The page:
- Open up Access
Weinberger (2011) says that the open nature of the net necessitates an open system of freely available information. This view is shared by Alexandra Elbakyan, a graduate student who uploaded over 50 million research papers to Sci-Hub. Before the Internet, journals allowed for the flow of information from one university to another via the library system. Will this change in a digital age? Should access to content be freely available, like access to roads? My university is becoming more transparent in sharing operational data, resulting in increased collaboration, engagement, and questioning.
- Provide the Hooks for Intelligence
All of the knowledge flowing on the Internet is useless if people cannot find what they need when they need it. Weinberger (2011) says that metadata is needed to work effectively with networked knowledge. When filters are applied, metadata can help locate information. It is typically a leader’s job to make sure that workers can get the information that they need. In a networked environment, leaders can help ensure that metadata is added to business systems along with the data. A project in my department is to link academic program information to employment information from the Bureau of Labor Statistics, metadata that will help students connect academics to job information.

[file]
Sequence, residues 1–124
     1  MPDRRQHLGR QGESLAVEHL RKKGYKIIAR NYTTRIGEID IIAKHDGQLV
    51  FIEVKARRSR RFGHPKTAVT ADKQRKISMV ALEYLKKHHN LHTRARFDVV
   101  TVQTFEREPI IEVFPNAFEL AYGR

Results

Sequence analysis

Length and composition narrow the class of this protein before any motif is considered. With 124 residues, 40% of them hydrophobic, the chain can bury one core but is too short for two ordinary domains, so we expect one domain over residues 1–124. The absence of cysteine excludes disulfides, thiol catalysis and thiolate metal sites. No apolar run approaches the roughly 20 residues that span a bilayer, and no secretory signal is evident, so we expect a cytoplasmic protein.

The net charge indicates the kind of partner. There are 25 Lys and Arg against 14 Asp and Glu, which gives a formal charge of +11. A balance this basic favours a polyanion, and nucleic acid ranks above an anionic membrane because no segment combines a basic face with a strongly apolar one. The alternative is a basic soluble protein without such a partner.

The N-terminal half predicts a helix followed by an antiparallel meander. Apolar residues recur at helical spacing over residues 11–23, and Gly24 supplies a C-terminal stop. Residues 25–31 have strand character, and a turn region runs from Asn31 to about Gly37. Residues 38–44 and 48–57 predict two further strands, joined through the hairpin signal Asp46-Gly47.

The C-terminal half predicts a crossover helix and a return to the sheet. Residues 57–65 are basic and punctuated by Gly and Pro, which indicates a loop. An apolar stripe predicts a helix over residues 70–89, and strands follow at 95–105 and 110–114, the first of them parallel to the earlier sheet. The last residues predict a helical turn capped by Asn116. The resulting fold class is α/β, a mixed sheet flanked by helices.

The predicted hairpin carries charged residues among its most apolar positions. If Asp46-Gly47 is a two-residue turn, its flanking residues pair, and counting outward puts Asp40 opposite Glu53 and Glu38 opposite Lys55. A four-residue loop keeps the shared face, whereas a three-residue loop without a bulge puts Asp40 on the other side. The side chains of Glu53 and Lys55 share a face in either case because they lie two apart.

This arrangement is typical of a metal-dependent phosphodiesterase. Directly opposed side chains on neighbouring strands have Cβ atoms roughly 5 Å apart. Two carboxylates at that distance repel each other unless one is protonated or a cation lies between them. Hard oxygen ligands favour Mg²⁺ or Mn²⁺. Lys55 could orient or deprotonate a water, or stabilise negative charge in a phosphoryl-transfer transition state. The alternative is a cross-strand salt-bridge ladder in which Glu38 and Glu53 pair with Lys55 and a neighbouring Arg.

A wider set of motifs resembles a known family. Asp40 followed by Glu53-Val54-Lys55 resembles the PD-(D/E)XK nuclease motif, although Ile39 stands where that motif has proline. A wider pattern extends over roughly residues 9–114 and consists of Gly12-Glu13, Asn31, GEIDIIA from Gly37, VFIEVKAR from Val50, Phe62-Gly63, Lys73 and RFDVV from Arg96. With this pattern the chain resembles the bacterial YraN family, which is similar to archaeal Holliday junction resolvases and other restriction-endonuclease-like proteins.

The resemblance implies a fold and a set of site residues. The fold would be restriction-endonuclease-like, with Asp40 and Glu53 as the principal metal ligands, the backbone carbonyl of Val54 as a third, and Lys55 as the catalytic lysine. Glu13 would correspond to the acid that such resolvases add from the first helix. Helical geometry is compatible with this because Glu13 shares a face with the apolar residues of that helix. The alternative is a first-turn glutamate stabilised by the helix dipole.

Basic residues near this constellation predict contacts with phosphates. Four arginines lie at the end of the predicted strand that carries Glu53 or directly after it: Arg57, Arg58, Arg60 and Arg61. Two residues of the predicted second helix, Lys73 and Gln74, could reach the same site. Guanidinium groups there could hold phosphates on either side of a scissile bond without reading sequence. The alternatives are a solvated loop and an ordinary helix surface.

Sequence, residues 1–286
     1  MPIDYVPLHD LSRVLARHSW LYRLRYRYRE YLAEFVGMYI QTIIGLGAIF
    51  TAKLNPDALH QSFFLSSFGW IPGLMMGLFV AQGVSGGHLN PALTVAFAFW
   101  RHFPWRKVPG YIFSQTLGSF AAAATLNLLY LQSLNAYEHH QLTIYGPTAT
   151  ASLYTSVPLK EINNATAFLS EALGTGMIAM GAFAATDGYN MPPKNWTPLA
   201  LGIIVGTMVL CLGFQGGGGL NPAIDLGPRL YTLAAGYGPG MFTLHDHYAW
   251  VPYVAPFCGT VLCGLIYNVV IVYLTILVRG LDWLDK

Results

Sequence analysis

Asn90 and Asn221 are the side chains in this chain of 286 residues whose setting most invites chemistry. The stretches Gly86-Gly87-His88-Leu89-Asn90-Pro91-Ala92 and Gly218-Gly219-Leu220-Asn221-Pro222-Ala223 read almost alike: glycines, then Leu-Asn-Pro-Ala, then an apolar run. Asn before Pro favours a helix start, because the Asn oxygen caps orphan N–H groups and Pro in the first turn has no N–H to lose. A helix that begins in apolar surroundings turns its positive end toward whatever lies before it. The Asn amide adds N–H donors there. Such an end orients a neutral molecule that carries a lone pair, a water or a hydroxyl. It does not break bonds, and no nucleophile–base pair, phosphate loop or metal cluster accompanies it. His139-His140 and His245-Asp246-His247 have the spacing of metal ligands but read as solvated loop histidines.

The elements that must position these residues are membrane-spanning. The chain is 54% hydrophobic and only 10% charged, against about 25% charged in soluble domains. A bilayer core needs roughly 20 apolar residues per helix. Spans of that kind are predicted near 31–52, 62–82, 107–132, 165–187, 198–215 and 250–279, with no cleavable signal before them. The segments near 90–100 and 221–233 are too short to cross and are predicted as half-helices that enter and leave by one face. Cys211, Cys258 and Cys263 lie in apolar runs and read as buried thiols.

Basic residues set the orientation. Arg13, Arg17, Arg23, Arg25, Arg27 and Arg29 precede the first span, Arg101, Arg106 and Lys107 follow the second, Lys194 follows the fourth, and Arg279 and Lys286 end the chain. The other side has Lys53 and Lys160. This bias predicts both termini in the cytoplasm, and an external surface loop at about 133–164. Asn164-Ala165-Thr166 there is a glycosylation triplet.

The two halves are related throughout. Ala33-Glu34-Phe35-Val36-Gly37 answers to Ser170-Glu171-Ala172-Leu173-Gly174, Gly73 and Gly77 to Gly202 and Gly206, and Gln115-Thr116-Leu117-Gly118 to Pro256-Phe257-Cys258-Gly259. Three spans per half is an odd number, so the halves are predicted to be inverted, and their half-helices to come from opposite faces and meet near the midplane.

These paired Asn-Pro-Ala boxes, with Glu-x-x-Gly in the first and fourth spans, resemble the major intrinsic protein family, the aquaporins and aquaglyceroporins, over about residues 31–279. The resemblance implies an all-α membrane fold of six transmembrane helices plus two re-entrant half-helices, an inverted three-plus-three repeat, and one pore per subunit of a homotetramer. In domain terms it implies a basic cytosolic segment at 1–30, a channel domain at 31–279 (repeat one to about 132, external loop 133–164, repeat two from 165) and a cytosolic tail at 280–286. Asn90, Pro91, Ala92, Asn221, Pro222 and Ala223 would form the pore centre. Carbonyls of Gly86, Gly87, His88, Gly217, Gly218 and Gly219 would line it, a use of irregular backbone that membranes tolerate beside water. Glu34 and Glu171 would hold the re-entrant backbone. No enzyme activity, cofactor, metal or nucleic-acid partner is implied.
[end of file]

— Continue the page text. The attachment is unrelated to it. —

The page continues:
- Link Everything
Connecting pieces of information is not a new strategy. Footnotes, indexes, bibliographies, concordances, and glossaries have long been used to provide links, explanations, and extra information. The Internet, however, has freed us from constraints of time, size, and the need for a linear presentation. Since taking this class I have started incorporating links in my communications. This allows me to focus on the key points of the message while offering additional information for those who want it.
- Leave No Institutional Knowledge Behind